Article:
The 3rd edition of the Central European Day of Energy (CEDE) that will be held on 5th of November in Brussels, is focused on Cross-border energy cooperation in Central Europe, showing different cases of regional cooperation in the region. As a preparatory step to the high-level CEDE event, CEEP gathered in this report a series of analysis and opinions on cross-border energy cooperation in the CEE region.
Firstly, learn more about CEDE 2018 and register for the event by following the link:
The event is organised by CEEP in cooperation with DG Energy of the European Commission and is supported by International Visegrad Fund.
As one of the hosts of CEDE 2018, prof. Leszek Jesień, highlights the importance of the regional cross-border energy cooperation as a significant element of the European energy policy, a key factor for the development of trade, market integration as well as physical diversification of sources of supply. Mr. Jesień underpinned that the new cross-border energy projects would contribute to the further empowerment of the region.
Michał Kurtyka, the Polish Deputy Minister of Environment clarifies in his analysis that Poland is working towards the development of system interconnections in the European Union, thus playing an active role in changing the energy landscape of the EU, even though it is perceived sometimes as a “slower speed” country when it comes to its energy policy and energy systems.
Looking to Slovenia and Croatia, the expert from HEP, HOPS and ELES described the SINCRO.GRID project as a smart grid project with an innovative systemic approach integrating several pioneering, yet mature technologies to solve short term security of supply issues that are impacting Slovenia and Croatia as well as other countries in the region.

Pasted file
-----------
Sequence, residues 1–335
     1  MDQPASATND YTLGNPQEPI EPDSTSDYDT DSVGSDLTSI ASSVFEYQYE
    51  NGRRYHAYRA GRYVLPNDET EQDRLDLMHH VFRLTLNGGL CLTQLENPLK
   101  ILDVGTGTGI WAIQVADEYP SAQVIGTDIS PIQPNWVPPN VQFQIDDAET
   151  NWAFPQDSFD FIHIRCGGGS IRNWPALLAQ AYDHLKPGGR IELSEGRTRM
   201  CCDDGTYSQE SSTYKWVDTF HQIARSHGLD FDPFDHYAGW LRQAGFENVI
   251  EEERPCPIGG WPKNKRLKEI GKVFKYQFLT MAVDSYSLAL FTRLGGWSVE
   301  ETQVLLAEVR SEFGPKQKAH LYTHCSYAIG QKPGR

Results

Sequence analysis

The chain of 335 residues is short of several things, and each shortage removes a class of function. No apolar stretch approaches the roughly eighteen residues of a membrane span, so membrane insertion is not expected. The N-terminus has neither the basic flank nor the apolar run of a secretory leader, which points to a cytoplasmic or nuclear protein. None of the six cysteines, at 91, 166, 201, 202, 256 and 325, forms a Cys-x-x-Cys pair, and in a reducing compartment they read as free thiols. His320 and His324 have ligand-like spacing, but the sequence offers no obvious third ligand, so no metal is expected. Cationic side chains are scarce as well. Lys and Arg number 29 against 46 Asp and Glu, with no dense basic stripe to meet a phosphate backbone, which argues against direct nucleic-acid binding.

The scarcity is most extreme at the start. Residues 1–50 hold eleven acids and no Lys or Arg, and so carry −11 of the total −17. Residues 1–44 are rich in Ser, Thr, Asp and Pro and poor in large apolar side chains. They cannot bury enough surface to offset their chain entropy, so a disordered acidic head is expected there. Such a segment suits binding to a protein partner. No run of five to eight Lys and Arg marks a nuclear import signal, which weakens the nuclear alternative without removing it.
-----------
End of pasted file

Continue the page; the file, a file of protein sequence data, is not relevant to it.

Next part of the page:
Considering that LNG terminal in Croatia will contribute substantially to the enhancement of the level of security of gas supply in Central and South Eastern Europe, the expert from IRMO analysed its state of play and the position of different regional players towards its construction.
Moving forward to the Baltic States, Rolandas Zukas, CEO of EPSO-G, described the development of energy sector of Lithuania, Latvia and Estonia, countries that are in the process of unplugging from the BRELL ring (connection to Russia and Belarus) and synchronizing their electricity grids with the continental European network by 2015.
The report would not be complete without an analyse of the Baltic pipe, a strategic regional energy project that aims to connect the Norwegian gas fields to the Polish gas system through which, the countries of Central and Eastern Europe will have direct access to new sources of gas supplies from the north.
Hence, even though Romania could became a strong regional player due to the discovers of natural gas in its sector of Black Sea, Eugenia Gusilov Director of ROEC explains that the country is still missing links in gas interconnectivity with its neighbours due to political interference and administrative bottlenecks.
On the other hand, the Stork II project development demonstrates that, despite EU’s support for regional integration and formal adherence of the Central and Eastern European countries to this idea, political decisions and other infrastructural projects might interfere with the existing plans and slow down the development of the integrated regional gas market.
Can the CEE neighbors contribute to the energy security and stability of the region? This question was answered by REKK while explaining that Ukraine should remain a transit country and its storage facilities as well as reverse flow projects are of a big interest for the EU, but, for improving the regional cooperation, Ukraine has to implement the new adopted regulations, to unbundle the gas production and TSO as well as to set lower transmission tariffs.